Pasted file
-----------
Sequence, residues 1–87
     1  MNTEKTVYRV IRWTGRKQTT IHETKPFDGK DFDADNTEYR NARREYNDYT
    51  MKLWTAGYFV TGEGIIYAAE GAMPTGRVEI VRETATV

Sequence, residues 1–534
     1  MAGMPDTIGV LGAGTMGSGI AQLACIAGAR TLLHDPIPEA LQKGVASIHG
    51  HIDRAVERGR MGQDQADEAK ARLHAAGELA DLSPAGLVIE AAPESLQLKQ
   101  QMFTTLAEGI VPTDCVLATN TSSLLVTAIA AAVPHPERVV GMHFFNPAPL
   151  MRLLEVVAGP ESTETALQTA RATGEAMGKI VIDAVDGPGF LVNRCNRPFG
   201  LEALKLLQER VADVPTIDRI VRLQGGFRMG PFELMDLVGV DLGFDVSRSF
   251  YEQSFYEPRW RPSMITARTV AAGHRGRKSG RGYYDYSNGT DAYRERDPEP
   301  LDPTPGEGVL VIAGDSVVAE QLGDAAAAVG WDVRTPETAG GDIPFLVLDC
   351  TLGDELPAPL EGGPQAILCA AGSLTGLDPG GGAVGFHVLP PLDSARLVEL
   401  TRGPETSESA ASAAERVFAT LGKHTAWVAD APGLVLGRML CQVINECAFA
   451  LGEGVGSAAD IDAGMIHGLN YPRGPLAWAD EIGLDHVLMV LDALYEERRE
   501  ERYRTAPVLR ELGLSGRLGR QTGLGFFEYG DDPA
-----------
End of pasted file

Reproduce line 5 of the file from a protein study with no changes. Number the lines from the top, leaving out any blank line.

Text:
     1  MAGMPDTIGV LGAGTMGSGI AQLACIAGAR TLLHDPIPEA LQKGVASIHG